Leveraging multisig for personal use is relatively simple to do. There are several wallets that support this capability, allowing you to customize the number of signatories and the required threshold to make transactions.

Bitcoin wallets that have enabled multisig capabilities include but are not limited to:

  • Armory
  • Bitgo
  • Blocktrail
  • Copay
  • Electrum
  • GreenAddress
  • Xapo

To create and use a multisig wallet, choose from one of the above or other wallets, and download the software from the official website.

Once installed, the software will ask you to create a wallet. At that juncture, you can pick between a single key address or a multisig. Choose multisig and follow the instructions until the end.

All parties will be required to write down, or otherwise carefully store, the seed phrase as is ubiquitous in single key addresses.

And that’s it. While the exact step-by-step process differs slightly from wallet to wallet, it should not take more than these steps to set up multisig.

Pros & Cons of Bitcoin multisig wallets

Multisig wallets come with a number of advantages.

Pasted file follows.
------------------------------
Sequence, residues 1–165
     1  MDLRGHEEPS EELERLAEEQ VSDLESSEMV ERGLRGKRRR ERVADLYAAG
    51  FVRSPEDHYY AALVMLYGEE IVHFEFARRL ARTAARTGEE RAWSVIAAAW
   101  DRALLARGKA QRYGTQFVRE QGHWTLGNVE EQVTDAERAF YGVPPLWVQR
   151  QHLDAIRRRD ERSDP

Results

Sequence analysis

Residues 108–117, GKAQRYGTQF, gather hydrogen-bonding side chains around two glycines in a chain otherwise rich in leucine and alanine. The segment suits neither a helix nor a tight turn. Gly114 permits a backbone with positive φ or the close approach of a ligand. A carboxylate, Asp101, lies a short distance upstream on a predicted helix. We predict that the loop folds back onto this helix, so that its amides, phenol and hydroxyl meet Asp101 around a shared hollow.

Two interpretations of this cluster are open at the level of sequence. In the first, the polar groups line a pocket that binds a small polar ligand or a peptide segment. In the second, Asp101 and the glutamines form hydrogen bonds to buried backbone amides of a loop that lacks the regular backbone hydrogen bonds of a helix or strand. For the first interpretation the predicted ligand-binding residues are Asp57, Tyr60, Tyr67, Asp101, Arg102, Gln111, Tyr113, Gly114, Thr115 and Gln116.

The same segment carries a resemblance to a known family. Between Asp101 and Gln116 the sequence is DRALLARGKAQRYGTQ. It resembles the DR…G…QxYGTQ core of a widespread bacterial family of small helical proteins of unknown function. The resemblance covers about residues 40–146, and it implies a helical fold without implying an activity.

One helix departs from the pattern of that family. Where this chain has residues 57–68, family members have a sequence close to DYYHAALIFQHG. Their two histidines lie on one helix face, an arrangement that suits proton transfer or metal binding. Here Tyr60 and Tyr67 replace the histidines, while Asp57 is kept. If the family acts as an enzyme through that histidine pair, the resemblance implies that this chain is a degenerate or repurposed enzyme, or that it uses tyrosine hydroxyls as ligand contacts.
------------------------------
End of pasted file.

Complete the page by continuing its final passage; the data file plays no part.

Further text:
The first of these is enhanced security. They help mitigate fund recovery challenges related to loss or theft of the single private key. For instance, Alice and Jane can still access their savings if Alice loses her private key, provided one of their children can sign the transaction. Additionally, multisig wallets can be leveraged as a type of 2FA for Bitcoin, even for a single user. This enhances security and avoids loss of funds through malicious activity.

Secondly, multisig addresses support the creation of escrow transactions. Alice and Jane can create a multisig address that they use to store funds but can add a trusted third party that will act as a mediator in the event of disputes. A 2 of 3 wallet is ideal for this scenario. However, as aforementioned multisig addresses can be designed with specific needs in mind.

A third advantage of multisig wallets is to support decentralized decision-making. This is especially important for businesses that hold funds in bitcoin. Using a multisig address reduces the chances of a single party misappropriating funds. Additionally, it also ensures accountability and communication as the minimum threshold must be met before any funds are moved.

The disadvantages of using multisig addresses are complexity and legal recognition. Some users may find setting up a multisig address to be too difficult.

Legally, it is difficult to prove ownership of funds held in a multisig address. Due to this, it may be hard to find legal recourse in the event of any issues. This is an important point to consider.

The takeaway

Depending on your specific needs and the level of complexity you are willing to deal with a multisig address may work well for you. For BTC businesses or large investors, a professionally managed multisig wallet setup should be a standard.

However, as a small investor, if you currently use a single key address and are satisfied, there is likely no need to make the switch.